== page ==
The Big Idea
A tenuous tightening in credit
Steven Abrahams | April 8, 2022
This document is intended for institutional investors and is not subject to all of the independence and disclosure standards applicable to debt research reports prepared for retail investors.
Credit has had a good run since the Fed’s March meeting. After widening from the start of the year into the meeting, Bloomberg’s cash index investment grade spreads have since tightened on average by 30 bp and high yield by 65 bp. The price on the average S&P/LSTA leveraged loan has rebounded by $2.12. Equity markets have bounced in concert, with the S&P 500 up by 5.3%. And it is through the lens of the equity market that the tightening in credit looks tenuous.
Even though equity and credit have different claims on the aggregate US corporate balance sheet, they inform each other. Equity only gets the leftovers after paying debt. But equity, as Merton argued, can always turn over the company to debtholders if the value of the company drops below the nominal balance of debt. Debtholders have written a put option to equity. As the value of the company and its equity falls, the put comes closer to in-the-money and should be more valuable. That should get reflected in wider debt spreads. As equity rallies, of course, spreads should tighten.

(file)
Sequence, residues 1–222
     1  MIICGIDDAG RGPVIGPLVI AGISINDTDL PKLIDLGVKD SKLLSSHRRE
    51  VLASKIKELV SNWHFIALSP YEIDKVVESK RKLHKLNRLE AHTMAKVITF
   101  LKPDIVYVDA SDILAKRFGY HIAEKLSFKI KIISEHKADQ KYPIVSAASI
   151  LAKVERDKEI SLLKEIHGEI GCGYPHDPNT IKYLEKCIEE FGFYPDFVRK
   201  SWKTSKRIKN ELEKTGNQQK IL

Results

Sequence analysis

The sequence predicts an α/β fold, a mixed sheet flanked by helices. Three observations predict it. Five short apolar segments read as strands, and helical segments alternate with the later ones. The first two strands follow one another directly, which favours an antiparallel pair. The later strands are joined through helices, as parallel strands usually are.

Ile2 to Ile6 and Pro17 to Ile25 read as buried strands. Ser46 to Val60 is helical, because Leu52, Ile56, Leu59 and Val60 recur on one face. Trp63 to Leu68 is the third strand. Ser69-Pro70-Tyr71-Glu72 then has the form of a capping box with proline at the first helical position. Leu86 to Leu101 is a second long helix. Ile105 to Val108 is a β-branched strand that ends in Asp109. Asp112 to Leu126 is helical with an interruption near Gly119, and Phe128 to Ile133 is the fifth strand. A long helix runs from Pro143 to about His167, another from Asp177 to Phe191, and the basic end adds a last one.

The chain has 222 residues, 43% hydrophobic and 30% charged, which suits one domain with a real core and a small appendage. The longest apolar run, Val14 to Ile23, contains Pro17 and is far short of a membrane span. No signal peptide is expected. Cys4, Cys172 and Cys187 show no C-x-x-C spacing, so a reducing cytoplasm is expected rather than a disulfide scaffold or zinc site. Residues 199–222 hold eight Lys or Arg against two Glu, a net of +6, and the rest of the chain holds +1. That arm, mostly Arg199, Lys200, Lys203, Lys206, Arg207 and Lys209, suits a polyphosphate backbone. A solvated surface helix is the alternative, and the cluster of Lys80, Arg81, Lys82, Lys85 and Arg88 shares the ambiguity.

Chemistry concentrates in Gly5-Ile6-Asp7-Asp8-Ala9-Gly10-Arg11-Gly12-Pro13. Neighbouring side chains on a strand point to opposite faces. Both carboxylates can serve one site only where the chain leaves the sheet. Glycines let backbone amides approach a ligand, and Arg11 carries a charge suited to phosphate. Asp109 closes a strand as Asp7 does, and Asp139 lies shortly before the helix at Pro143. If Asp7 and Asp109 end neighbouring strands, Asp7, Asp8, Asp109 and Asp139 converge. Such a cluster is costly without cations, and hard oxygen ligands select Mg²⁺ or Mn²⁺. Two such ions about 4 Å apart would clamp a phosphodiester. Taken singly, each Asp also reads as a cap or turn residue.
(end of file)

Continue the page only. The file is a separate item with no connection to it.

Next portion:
That is almost always the case. Equity and high yield show the clearest link since high yield has close exposure to the equity put. Equity prices and high yield spreads generally run in the expected direction, with higher equity prices driving high yield spreads tighter and lower prices driving spreads wider (Exhibit 1).
Exhibit 1: Equity prices and credit spreads move in synch
The recent rally in equity has left that market at the richest level in a decade based on the risk compensation left after covering the cost of inflation and real interest rates. One important benchmark of equity valuation is the ratio of projected earnings to equity price—in other words, the projected earnings yield on equity. This is better than the dividend yield on equity because forward net earnings reflect true expected equity returns, not just returns paid out through dividends. It is important to look at the spread between projected equity yield and longer interest rates. That helps break down the projected equity yield into an equity risk premium, compensation for inflation and compensation for the real interest rate.
Since March the compensation for equity risk left after covering the cost of inflation and real rates has tumbled (Exhibit 2). The projected 1-year earnings yield on the S&P 500 closed Friday at 5.51%. That yield needs to cover 2.88% of inflation implied by the closing spread between 10-year notes and TIPS and a negative 0.17% real rate, leaving only 2.80% compensation for equity risk. That is the single lowest equity risk premium in 10 years.
Exhibit 2: Equity looks rich, with the lowest risk premium in 10 years
It is far from clear why risk premiums should go down in this market. The Fed is in the early stages of an inflation fight that the March minutes acknowledge involves significant uncertainty. The beginning of QT should raise, not lower, risk premiums. The implications of the Russia-Ukraine war for the economy are only beginning to be parsed. It seems unlikely that valuations in equity can go much higher, at least based on risk premium, and could easily go wider. Credit spreads should follow. The good run in credit since the March Fed meeting looks suspect.